JC:Water towers! They feel like space ships that landed on top of buildings. Especially when you're standing right underneath them. I'm all the time sneaking into unlocked rooftops or asking people if they have high-floor views I can go visit and draw from. Hint hint, readers.
PR:For you, ‘landscape’ includes the urban scene, architectural form, faces, and expressive bodies. Are you ever tempted to paint herbaceous or rocky landscapes, or you a total urbanist?
JC:I have very moderate interest on nature, so cities are what I normally gravitate towards, and where feel inspired to work. The human mark fascinates me more than the evidence of biological action. And I have a hard time painting trees. But I like the challenge, and if I find myself stuck in the great outdoors I tend to try my hand at it. It just doesn't happen that often.
PR:As you no longer require paper and all kinds of art supplies to create your paintings, do you ever long for, or indulge in, prowls through incredible art supply stores?
JC: And how! Earlier this year I was in Vienna, and the art supply stores there are something else. One of them is actually as big as a Staples megastore. Temptation leapt at me aisle after aisle: should I try a large series on graphite? How about woodcut printing with all these snazzy tools? Oh, great watercolor sets, maybe I should? In the end, though, common sense prevailed. Alas.
PR:What’s your favorite thing about leaving the city you’ve come to immortalize in your work?
JC:For all its splendor, New York has its drawbacks: chaotic and rushed, unbalanced and merciless, and dirty as hell. I've been escaping to locations around Europe and enjoying the smaller scale and mellower pace. But I always look forward to being back home in NYC. It's like those people who fall in love with someone full of bad habits. Problems abound, but the passion is stronger.
PR:What advice would you give a talented young illustrator who is struggling to find his/her identity?
JC: Lou Reed tells a good Andy Warhol story about that. He says Andy would catch him slacking around the Factory and ask: "Lou, how many songs did you write today?" Reed, who hadn't written any, lied and said "ten." Andy: "You won't be young forever, Lou. You should have written twenty."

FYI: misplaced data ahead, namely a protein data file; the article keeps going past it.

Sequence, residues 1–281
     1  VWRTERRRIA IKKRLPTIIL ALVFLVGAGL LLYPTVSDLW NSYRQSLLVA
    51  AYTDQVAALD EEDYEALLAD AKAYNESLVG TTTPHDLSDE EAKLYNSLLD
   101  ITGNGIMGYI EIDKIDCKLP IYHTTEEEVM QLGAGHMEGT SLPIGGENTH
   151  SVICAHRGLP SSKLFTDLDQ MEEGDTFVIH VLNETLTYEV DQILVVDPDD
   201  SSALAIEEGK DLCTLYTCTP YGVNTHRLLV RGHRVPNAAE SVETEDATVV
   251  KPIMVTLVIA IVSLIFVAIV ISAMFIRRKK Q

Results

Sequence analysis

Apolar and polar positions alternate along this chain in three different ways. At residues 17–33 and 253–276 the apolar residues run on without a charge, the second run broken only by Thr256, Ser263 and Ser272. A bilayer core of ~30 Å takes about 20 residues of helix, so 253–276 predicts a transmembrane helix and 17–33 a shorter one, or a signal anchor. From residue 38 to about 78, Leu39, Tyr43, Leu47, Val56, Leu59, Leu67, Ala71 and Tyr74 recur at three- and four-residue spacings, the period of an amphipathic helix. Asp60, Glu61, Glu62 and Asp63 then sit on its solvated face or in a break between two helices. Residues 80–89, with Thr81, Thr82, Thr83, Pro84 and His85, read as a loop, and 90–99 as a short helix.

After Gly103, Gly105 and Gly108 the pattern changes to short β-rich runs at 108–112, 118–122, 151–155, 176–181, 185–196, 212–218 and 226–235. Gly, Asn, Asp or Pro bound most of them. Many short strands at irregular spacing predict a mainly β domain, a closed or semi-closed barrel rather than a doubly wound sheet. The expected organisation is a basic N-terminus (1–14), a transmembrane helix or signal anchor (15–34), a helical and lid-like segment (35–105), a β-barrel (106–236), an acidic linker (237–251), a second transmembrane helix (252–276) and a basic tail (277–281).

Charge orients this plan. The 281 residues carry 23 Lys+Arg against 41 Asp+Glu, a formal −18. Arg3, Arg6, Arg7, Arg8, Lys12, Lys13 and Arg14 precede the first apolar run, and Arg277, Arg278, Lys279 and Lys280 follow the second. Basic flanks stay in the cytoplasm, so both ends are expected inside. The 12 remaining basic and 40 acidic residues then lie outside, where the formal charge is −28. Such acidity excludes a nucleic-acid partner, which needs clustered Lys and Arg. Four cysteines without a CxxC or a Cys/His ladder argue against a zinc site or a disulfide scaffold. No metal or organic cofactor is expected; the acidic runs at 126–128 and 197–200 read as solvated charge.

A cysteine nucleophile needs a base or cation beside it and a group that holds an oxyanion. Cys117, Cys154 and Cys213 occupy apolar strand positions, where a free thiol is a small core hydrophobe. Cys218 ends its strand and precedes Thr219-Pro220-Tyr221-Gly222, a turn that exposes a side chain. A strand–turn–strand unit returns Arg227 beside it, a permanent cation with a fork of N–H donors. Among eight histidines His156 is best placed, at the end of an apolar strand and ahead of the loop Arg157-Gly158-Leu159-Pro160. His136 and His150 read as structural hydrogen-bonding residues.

PR:What advice would you give a talented young illustrator who is just beginning to make a mark in the commercial world?
JC: Oh, how shall I say this? Making a mark is great—feedback and recognition and profit and all that—but it can also become an addiction—not necessarily a good one. There's nothing wrong about doing something nobody else notices or likes. The thirst for approval can get in the way of being true to oneself.
PR: So you’ve made the leap from ‘artist in his studio’ to ‘artist abroad’ in the sense that your entire studio, from reference, to the tools you use to create your work and communicate, are all embedded in the iPad that rides with you everywhere. Now that you are completely at home in your miniature digital studio, what are your hopes for the next big thing?
JC: Telepathy, of course. Can't wait to NOT need any machine.
Jorge Colombo was born in 1963 in Lisbon, Portugal; moved to the USA in 1989. Has lived in Chicago and in San Francisco. Living in New York City since 1998 with his wife, artist Amy Yoes. He has worked as an illustrator, as a photographer, and as a graphic designer.
His cover illustration for the June 1, 2009 issue of The New Yorker was the first one created on an iPhone for a major magazine. Video animations of his Finger Paintings have since appeared weekly inwww.newyorker.com. The book "New York: Finger Paintings by Jorge Colombo," containing one hundred landscapes created on an iPhone, plus essays by Jen Bekman, Christoph Niemann, and JC, was published in 2011 by Chronicle Books in associationwith 20x200.com.